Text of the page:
"So proud to be with the NWA, so proud to be with Jim Crockett Promotions, so proud to be one of the Four Horsemen…"
"Like the little lady said last night, just before she closed her eyes and took that last deep breath, 'Nature Boy, you are the man, the myth and the legend all rolled up in one.'"
"Did I happen to hear the Fruitbirds out here? Are the Fruitbirds back in Atlanta? The boys are back in town? The Horsemen will take care of that."
"Never let it be said we don't monopolize the female population…"
"One of my big girls with big sweaters told me, "Tell Ricky Morton, if you may, to give this to one of his teeny-boppers." In other words I like the big girls and you like the teeny ones…"
"Wherever I go I don't care if they love me or hate me, I love myself and I know I'm the best there is."
"In the words of the infamous Arn Anderson, what's causing all this?"
"With a tear in my eye…"
"Hulk Hogan sucks!"
"A lot of people around the world are under the misconception that professional wrestling is made up of a bunch of clowns. This is the greatest sport in the world. No games, no Hollywood, no rock 'n' roll wrestling; the name on the marquee is professional wrestling, it's a man's world, and you've got to be a man to be a part of it. Nobody is going to claim to be the world's heavyweight champion until he goes through me."
"There goes the champ, there goes…. Slick Ric."
Ric Flair Remembers Blackjack Mulligan at the NWA Fanfest & one-time-only Four Horsemen Reunion notes
Originally Published: PWTorch Newsletter #1101
Printed: August 2011
In 1977 Ric Flair first proved he had what it took to main event at the highest level when he turned on his real-life neighbor and massive tag-team partner, Blackjack Mulligan. Flair and Mulligan were so close they lived in houses on the same street and bought a tricked-out party van together, one that Mulligan's-son Barry Windham once took for a joy ride. Flair said that he left the Mulligan house as soon as Barry returned it, because he didn't want to hear all the noise.
The betrayal came when Flair mocked his fellow bully Mulligan for losing the U.S. belt, the top title in the area, to Bobo Brazil. He won the belt from Brazil himself, then ripped up a leather hat that Waylon Jennings had given Mulligan while the Texan was wrestling in the ring.
Ric Flair, let me tell you something. You knew what this hat meant to me, and you know who gave it to me, a very dear friend of mine. There are pieces of it all over the place here. You gutless little wonder, I stood behind you so many times, we've been in so many places, and the bad were there and they said, "Let's get Flair."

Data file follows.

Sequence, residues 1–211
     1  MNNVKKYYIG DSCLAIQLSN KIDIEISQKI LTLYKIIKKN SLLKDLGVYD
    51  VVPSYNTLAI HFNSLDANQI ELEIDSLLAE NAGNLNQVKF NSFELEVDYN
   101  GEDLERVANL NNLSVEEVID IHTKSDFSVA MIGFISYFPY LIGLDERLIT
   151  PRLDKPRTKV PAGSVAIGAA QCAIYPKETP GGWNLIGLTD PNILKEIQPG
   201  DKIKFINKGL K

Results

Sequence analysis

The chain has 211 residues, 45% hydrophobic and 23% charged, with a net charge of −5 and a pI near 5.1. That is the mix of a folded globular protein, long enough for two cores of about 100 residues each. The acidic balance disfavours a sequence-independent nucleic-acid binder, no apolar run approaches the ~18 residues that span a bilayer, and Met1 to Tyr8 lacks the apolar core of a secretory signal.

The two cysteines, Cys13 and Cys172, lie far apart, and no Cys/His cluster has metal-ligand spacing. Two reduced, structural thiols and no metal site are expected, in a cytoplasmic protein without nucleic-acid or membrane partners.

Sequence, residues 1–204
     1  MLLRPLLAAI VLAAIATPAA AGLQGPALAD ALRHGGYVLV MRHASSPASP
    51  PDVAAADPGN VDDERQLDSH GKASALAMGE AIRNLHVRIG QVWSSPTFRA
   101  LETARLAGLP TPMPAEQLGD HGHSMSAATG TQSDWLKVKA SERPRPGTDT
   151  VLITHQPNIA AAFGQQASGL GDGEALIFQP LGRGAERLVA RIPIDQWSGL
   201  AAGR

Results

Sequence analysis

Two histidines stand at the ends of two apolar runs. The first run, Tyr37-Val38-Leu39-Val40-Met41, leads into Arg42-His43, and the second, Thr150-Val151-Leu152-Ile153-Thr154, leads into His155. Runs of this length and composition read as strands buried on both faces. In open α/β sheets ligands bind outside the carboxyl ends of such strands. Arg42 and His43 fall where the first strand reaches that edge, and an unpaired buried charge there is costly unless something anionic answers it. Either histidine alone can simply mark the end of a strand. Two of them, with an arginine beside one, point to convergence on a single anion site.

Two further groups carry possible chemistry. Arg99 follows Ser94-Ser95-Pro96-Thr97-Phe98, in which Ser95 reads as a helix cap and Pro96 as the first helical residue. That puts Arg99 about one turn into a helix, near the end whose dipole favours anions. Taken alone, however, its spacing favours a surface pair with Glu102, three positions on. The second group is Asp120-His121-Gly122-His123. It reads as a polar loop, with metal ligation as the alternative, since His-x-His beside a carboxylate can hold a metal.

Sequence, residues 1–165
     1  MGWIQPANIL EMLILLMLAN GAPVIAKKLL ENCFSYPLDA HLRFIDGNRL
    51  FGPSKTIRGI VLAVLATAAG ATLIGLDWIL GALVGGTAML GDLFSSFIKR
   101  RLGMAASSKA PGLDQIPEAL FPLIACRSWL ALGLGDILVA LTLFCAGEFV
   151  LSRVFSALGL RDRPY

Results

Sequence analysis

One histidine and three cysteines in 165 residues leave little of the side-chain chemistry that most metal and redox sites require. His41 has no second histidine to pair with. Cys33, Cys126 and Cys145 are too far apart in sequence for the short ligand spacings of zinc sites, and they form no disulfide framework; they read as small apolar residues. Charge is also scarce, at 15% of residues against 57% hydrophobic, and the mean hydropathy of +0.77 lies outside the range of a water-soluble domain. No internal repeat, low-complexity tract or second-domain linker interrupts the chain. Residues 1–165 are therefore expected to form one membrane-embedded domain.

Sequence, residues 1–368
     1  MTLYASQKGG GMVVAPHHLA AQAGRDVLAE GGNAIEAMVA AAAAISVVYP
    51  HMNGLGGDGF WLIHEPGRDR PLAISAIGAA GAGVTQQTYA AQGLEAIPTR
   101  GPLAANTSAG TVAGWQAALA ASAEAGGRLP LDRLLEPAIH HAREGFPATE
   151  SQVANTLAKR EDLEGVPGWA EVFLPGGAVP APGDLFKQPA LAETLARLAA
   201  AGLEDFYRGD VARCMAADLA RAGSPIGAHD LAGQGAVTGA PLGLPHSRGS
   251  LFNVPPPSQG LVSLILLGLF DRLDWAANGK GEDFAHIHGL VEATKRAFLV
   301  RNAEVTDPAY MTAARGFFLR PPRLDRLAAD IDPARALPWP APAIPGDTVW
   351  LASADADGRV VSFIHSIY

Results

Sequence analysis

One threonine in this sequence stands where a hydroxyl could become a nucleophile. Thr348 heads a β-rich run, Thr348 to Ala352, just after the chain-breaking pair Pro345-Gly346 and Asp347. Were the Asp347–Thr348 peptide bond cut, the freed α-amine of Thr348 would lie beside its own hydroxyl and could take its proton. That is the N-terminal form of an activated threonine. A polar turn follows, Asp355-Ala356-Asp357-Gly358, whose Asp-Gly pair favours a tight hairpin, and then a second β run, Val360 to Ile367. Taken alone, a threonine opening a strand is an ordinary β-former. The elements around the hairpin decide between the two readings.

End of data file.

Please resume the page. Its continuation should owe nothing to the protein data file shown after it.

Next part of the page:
And somebody said, "No, he's backed by the Jack. Let it be."
Nature Boy, it's over. You've gone too far. You've insulted me. You've embarrassed me. I want you to take a look at me real good. Because if you think I'm over the hill, I think I've got just enough, just enough left, to muster one more great big push. Somewhere, sooner or later, you're going to pay for this, and that U.S. belt is going to be mine again.
Blackjack Mulligan – Mid-Atlantic Championship Wrestling 1977
What can I say, Mull? We've been up and down Broad Street, every which direction, every hour of the night! We've driven the women wild, from one end of Richmond to the other! From The Black Cat to Caesar's Salad to The Bee Hive we've done it all, side by side! We've demolished The Giant, we've demolished Wahoo, Paul Jones, and Rufus! Now, here we are, the biggest match of all time! The Nature Boy and The Blackjack looking at each other, one corner to the other! Richmond Coliseum, the people, the building's not big enough! Blackjack, be ready! The Nature Boy is going to show you why I'm the greatest of all time! Whooooo!
Ric Flair – promo for a scheduled match at the Richmond Coliseum, 1977
Mulligan paid Flair back on TV for his ruined hat by swiping one of his favorite peacock robes and tearing it to shreds. The now-fabled Hat and Robe angle sold out all the major arenas in the Mid-Atlantic, the first time in Ric Flair's career he accomplished that.
Blackjack Mulligan helped prepare Ric Flair for what was to come.
At the NWA Fanfest last weekend, Ric Flair inducted the absent Blackjack Mulligan into the Hall of Heroes at their annual banquet. Ric Flair, with tears in his eyes, spoke directly to Mulligan's son, Barry Windham. Flair's own son Reid looked on from the Flair table.
"Blackjack Mulligan taught me what it meant to be a man. 'Nature Boy,' he told me on one of our rides together, 'you need to know something. You've got what it takes to go all the way. Our business is full of backstabber ands thieves. There's going to come a time when Wahoo McDaniel won't be there to help you. You're going to have to be a man. There's going to be a time when Terry Funk won't be there to help you, when Harley Race won't be there to help you. There's going to come a time when I won't be there to help you. You're going to have to be a man.'"
Other notes from the 2009 NWA Fanfest that I attended Aug. 8-9...
•The once in a lifetime reunion of The Four Horseman drove the financial success of the Fanfest. The picture and autograph time was extended more than an hour past its scheduled time.
•Fans paid $100 a pop to get their picture taken with either the four, five, or six original members of the Four Horsemen (Ric Flair, Tully Blanchard, Ole Anderson, Arn Anderson, J.J. Dillon, and Barry Windham).
•Ole Anderson, who holds court in the Hilton lobby every year, makes it no secret to anyone who will listen that he hates Ric Flair and Arn Anderson. He asked to be seated as far away from the two as possible. When the five came together for the shoot, Ric Flair (who doesn't care for Ole much, either) reached down and put his arm around him, and then whispered something in his ear. Ole responded with a brief grab of Flair's arm.
Bruce Mitchell of Greensboro, N.C. has been a PWTorch columnist since September 1990, covering Ric Flair and the Four Horsemen's careers as extensively as anyone who covers wrestling over the past 20+ years.